Northfielders and others from the region who are battling cancer now have a greater chance of being treated closer to home thanks to an additional machine recently installed by Mayo Clinic.
The Mayo Radiation Oncology Center in Northfield, just across North Avenue from Northfield Hospital and Clinics, has added a second linear accelerator to the facility at a cost of approximately $5 million. A linear accelerator is a machine commonly used to deliver external beam radiation treatments to cancer patients.
Northfielder Caroline Jones, who was diagnosed with breast cancer at the beginning of the COVID-19 pandemic, is using the accelerator during her 15 radiation treatments.
“It’s an absolutely gorgeous machine,” she said. “It’s a beautiful piece of technology. There’s no doubt about that.”
“It’s just a very calm place to be, strangely enough,” she added.
Construction on the vault the accelerator is in started in November and was completed in January. After a few months of preparing the machine, it began being used for treatment April 29.
Mayo Radiation Oncologist James Leenstra said the second machine will give Mayo better precision and allow for more efficient radiation treatments, resulting in better patient care and outcomes.
The center averages approximately 25 patients per day.
To Leenstra, the addition of a second accelerator is important for all Northfielders. An estimated one in eight women will have cancer at some point, and a majority of men eventually develop prostate cancer. Approximately 80% of people diagnosed with cancer receive radiation treatment.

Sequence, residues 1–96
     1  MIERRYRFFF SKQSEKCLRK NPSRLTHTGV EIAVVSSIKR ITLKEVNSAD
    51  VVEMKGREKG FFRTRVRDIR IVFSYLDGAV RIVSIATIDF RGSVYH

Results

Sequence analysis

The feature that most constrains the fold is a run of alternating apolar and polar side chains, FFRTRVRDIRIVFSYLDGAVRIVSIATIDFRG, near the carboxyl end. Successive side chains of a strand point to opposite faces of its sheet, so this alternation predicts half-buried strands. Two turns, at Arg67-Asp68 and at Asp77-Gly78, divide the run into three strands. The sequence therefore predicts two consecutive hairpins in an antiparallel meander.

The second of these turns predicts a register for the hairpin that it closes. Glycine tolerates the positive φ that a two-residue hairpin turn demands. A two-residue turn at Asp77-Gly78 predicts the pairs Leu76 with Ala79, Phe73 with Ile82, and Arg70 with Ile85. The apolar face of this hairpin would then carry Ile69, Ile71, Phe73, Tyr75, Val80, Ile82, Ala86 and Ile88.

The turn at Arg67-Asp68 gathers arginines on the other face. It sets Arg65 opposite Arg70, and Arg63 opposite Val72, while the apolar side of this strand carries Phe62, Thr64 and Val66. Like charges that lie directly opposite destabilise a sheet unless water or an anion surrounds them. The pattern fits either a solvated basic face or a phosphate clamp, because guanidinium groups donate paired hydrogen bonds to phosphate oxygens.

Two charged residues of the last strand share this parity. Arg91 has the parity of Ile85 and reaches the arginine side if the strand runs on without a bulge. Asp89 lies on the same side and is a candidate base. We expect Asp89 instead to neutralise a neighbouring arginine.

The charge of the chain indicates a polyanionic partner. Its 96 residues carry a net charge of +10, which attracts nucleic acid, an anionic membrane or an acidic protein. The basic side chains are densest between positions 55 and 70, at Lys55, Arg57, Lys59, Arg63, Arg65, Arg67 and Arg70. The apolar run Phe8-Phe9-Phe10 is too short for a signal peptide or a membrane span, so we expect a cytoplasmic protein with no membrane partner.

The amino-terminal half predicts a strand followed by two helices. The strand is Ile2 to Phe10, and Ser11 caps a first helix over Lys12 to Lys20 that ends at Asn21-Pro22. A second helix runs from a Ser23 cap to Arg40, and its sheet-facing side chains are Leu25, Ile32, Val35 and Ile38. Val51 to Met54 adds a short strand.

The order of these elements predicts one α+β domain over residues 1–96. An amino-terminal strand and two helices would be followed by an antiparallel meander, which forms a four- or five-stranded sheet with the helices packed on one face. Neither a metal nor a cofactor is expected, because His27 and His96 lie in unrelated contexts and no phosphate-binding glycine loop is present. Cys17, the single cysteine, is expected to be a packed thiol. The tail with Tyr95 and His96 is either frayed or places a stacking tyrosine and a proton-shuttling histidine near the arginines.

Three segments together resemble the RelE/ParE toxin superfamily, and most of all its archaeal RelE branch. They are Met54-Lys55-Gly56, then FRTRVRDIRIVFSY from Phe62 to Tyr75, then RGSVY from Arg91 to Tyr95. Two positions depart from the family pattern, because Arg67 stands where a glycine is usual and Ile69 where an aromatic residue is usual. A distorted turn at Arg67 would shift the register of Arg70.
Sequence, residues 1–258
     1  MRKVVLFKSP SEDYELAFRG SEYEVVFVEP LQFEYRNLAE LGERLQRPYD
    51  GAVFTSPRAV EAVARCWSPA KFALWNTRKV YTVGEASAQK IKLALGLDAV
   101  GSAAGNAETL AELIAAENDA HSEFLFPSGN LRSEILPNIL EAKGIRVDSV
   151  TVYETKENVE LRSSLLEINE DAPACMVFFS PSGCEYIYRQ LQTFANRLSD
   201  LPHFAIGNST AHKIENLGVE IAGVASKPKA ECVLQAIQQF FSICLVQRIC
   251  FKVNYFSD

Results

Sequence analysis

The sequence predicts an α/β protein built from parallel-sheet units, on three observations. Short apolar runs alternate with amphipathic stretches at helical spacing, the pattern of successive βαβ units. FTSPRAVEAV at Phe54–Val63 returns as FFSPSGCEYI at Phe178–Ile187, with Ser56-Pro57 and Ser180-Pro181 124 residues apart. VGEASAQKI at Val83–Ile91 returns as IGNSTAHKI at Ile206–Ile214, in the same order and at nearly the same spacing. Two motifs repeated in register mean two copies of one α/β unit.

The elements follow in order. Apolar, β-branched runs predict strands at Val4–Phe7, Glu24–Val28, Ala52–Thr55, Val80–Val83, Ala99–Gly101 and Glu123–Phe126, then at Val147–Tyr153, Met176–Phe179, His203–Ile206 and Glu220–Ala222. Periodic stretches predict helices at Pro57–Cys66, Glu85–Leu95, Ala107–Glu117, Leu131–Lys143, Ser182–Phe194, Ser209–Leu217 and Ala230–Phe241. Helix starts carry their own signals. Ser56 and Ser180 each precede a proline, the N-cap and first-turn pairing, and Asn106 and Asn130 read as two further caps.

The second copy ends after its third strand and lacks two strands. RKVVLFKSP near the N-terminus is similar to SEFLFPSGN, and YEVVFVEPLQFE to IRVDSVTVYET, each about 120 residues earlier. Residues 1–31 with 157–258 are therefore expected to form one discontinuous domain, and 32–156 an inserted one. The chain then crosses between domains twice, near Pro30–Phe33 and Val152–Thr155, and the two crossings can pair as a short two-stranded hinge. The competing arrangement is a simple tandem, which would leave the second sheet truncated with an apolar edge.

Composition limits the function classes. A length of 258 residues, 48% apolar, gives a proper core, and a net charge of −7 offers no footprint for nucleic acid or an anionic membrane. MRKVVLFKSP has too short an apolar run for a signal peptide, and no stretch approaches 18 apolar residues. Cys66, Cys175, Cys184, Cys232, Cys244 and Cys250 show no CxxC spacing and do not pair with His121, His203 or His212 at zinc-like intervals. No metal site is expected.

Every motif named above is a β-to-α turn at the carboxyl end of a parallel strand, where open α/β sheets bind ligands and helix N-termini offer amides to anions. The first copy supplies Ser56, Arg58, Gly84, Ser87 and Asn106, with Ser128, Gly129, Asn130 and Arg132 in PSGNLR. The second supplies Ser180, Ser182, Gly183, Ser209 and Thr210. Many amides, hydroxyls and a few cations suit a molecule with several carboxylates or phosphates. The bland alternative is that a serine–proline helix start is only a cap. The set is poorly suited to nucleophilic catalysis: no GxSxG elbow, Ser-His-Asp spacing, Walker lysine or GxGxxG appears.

Fifty to 60% of patients at the Radiation Oncology Center are from the Mayo Clinic’s Rochester facility, while others are referred from other health care organizations throughout the region.
“It’s closer for patients in this area and the Twin Cities to come here than it is to drive down to Rochester daily,” Leenstra said.
“It allows us to give really good care for local people,” he added.
The installation of the accelerator comes in the midst of a busy year for the facility, which has been slowed by the onslaught of COVID-19. To combat the pandemic, health care workers are keeping chemotherapy and radiation patients separated into strict time slots so they don’t overlap.
Mayo Clinic opened the Northfield radiation treatment facility in June 2011.
Mayo Radiation Oncology in Northfield has also received Brainlab, an addition to its treatment machine. Brainlab will include a more precise, efficient mask and X-ray system to allow health care workers to be more precise in treating brain conditions